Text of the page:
Almost three years after an explosion that destroyed a Falcon 9 destined for the International Space Station, NASA has released the findings of their independent review team. The public summary report details the 2015 explosion pointing to a “design error” as the cause of the explosion that destroyed the vehicle.
The nineteenth Falcon 9 mission lifted off from Cape Canaveral on June 28, 2015, at 14:23 GMT (09:23 EST). The rocket performed as expected for over two minutes until a white vapour cloud was spotted emanating from the Falcon 9’s second stage at T+140. Ten seconds later at T+150, the vehicle began to break up and the Dragon capsule was ejected from the wreckage of the Falcon 9.
Although the Dragon capsule was pushed clear of the blast, software that controlled the capsule did not include provisions to deploy parachutes under those conditions. The result was a total loss of the capsule.
Following the incident, SpaceX formed an Accident Investigation Team (AIT) to determine the cause of the vehicle’s failure. Officials from NASA, the US Air Force and the FAA were all assigned to work with the AIT.
According to the report, investigators discovered that the white vapour and accompanying drop in LOX tank pressure pointed to a failure of the Stage 2 composite overwrapped pressure vessel (COPV). It was also found that the failure was caused when an axial strut supporting the tank broke free. The investigation further concluded that the struct had broken free as a result of the failure of a single cast stainless steel eye bolt.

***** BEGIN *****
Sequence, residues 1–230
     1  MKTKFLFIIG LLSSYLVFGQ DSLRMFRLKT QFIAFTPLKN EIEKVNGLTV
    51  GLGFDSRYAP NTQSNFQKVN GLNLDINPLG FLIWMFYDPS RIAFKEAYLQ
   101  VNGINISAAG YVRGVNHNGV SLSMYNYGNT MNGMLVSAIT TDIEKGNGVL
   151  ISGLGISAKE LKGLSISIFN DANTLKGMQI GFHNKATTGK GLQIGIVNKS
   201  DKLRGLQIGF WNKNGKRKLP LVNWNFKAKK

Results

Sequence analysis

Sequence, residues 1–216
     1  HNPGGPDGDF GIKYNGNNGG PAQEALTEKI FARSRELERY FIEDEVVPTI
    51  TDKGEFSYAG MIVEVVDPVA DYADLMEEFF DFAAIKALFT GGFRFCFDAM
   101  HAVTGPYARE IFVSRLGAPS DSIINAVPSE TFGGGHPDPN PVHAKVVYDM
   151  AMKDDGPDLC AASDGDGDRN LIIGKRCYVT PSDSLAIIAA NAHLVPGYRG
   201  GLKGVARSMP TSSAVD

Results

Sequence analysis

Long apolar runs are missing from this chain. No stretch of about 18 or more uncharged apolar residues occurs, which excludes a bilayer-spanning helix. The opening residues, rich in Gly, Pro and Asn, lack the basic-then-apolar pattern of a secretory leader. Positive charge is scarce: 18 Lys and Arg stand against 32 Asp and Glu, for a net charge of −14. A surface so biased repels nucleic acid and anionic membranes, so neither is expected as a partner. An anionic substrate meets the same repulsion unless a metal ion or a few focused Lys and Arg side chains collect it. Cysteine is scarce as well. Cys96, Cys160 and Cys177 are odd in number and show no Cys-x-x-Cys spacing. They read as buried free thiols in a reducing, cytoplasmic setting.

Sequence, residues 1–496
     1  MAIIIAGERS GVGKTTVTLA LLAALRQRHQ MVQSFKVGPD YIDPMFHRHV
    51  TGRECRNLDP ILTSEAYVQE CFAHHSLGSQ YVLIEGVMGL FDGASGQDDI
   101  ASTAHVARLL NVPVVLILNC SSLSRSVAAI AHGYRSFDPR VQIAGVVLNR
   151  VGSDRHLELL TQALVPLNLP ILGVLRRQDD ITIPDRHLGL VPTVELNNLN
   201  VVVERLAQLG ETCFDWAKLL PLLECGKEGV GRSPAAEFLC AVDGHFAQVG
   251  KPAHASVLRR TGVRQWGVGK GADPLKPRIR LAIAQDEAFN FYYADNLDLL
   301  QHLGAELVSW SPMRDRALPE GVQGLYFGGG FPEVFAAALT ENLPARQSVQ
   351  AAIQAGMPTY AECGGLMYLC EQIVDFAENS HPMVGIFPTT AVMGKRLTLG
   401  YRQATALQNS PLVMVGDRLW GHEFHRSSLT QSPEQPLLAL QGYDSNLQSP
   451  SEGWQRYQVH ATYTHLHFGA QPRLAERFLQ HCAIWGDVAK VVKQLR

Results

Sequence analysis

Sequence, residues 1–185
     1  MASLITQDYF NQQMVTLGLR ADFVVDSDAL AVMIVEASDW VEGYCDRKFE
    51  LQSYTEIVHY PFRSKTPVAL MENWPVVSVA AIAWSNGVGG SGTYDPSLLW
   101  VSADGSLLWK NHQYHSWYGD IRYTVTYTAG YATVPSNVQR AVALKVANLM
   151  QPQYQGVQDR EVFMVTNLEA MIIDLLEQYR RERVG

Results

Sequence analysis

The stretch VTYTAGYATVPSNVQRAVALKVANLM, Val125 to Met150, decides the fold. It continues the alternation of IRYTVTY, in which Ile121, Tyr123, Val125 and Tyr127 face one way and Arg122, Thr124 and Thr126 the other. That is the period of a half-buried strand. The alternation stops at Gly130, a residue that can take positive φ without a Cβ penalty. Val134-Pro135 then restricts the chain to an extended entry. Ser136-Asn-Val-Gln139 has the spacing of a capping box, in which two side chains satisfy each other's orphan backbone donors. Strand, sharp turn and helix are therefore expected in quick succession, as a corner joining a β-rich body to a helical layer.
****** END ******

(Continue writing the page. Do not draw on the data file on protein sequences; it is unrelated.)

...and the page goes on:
Once the COPV had broken free, its buoyancy caused it to accelerate and impact the LOC dome. The force from the impact caused structural damage which quickly caused the vehicle to break up under load.
These findings detailed in the NASA public summary are, however not new. A report released by SpaceX detailed the same events that lead up to the destruction of the Falcon 9. The SpaceX report also identified the failure of the cast stainless steel eye bolt. Where the two reports differ is why the bolt failed.
SpaceX officials had blamed a third-party manufacturing fault resulting in the bolt being below acceptable thresholds. However, the NASA report identifies the launch provider’s insistence on using industrial instead of aerospace grade parts in their pursuit of lower costs as a “design fault”. Additionally, the report cites inadequate “load testing of the part under predicted flight conditions” as a contributing factor.
Following the 2015 failure, the Falcon 9 was redesigned to negate the deficiencies identified by both SpaceX and NASA.
Image Credit: SpaceX | Video Credit: NASA